When Disney buys a franchise, it exploits that franchise for all it’s worth. Six months after purchasing Lucasfilm for $4 billion, Disney announced its plans for the Star Wars movies: there will be new sequels in 2015, 2017 and 2019, and in the years between, the company plans to bring out other films based on characters from the franchise—meaning there could be a new Star Wars movie every single year.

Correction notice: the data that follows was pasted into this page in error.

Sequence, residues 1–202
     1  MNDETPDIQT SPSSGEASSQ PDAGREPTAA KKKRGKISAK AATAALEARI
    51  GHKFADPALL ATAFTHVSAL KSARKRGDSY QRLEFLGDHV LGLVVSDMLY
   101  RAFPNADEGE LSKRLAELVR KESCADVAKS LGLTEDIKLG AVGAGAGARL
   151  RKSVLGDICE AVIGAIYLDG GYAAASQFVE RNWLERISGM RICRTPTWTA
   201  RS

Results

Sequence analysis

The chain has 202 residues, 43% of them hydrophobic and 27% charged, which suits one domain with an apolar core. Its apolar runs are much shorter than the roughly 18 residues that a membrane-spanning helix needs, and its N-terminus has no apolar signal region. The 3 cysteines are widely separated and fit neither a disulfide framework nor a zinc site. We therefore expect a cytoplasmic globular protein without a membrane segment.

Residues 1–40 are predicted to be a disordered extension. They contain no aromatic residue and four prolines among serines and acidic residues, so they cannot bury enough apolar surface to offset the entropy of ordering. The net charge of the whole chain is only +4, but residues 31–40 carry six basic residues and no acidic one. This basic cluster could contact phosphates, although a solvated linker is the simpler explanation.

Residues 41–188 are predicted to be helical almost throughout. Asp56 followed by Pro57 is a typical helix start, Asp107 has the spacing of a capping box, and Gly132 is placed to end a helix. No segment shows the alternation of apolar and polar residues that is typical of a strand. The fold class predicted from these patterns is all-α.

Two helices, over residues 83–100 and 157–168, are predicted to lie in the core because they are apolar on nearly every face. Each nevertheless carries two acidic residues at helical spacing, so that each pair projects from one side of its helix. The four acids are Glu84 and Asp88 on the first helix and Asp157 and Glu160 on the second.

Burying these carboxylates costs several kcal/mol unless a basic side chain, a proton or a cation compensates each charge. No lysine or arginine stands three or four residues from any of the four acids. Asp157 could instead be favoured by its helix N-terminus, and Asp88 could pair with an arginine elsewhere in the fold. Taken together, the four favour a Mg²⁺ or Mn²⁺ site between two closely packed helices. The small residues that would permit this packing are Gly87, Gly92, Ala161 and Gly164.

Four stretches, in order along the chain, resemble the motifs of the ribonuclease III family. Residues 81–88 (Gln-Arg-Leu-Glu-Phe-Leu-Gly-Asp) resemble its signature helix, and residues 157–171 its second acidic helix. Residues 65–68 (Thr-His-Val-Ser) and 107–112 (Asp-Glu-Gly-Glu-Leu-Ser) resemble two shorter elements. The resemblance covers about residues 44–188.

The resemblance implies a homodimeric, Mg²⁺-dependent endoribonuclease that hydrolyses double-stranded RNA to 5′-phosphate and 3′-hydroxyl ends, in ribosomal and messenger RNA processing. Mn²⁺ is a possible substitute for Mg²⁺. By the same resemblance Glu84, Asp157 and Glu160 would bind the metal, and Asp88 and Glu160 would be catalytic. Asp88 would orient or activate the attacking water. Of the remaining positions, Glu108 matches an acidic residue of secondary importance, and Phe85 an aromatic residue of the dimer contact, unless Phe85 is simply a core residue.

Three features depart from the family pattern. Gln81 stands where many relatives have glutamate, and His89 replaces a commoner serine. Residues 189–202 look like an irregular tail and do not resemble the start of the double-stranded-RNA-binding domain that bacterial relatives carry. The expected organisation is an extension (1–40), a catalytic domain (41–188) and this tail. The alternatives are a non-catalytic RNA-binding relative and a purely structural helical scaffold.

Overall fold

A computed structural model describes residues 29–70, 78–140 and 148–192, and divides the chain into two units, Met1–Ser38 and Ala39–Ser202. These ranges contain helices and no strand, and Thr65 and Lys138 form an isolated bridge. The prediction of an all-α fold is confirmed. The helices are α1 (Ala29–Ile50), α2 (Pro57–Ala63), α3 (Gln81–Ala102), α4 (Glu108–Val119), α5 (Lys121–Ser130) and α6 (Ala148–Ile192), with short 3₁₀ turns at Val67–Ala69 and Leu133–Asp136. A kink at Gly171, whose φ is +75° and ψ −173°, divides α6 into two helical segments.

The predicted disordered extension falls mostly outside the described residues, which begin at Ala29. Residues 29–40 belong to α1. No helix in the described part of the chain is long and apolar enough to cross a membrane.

This kind of overkill could backfire: in the ’90s, Disney’s decision to release an animated musical every year may have killed off the genre. But moderation may not be an option. Disney is releasing few films of its own, and this month announced layoffs of much of its in-house animation staff. That makes it even more important to wring every cent out of well-known brands such as Pixar, Marvel and Star Wars. The company recently demanded theatres turn over a bigger share of ticket revenue from the next Marvel blockbuster, Iron Man 3, and the AMC Entertainment theatre chain, North America’s second-largest, temporarily stopped selling advance tickets in protest. “Clearly, they are under some kind of financial pressure,” the head of AMC told the Los Angeles Times. So was the guy who owned the golden goose.